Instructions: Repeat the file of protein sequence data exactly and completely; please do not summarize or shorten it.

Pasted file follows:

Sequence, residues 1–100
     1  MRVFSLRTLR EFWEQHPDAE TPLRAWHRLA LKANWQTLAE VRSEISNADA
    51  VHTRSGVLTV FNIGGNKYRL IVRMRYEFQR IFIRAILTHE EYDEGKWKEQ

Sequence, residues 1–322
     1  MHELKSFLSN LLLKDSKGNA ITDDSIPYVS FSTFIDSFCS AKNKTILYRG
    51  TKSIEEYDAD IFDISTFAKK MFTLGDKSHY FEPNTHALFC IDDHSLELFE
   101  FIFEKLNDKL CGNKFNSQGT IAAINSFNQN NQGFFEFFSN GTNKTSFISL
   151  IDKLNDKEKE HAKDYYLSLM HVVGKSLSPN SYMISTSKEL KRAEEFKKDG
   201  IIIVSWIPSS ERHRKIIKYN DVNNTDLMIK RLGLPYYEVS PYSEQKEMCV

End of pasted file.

Sequence, residues 1–100
     1  MRVFSLRTLR EFWEQHPDAE TPLRAWHRLA LKANWQTLAE VRSEISNADA
    51  VHTRSGVLTV FNIGGNKYRL IVRMRYEFQR IFIRAILTHE EYDEGKWKEQ

Sequence, residues 1–322
     1  MHELKSFLSN LLLKDSKGNA ITDDSIPYVS FSTFIDSFCS AKNKTILYRG
    51  TKSIEEYDAD IFDISTFAKK MFTLGDKSHY FEPNTHALFC IDDHSLELFE
   101  FIFEKLNDKL CGNKFNSQGT IAAINSFNQN NQGFFEFFSN GTNKTSFISL
   151  IDKLNDKEKE HAKDYYLSLM HVVGKSLSPN SYMISTSKEL KRAEEFKKDG
   201  IIIVSWIPSS ERHRKIIKYN DVNNTDLMIK RLGLPYYEVS PYSEQKEMCV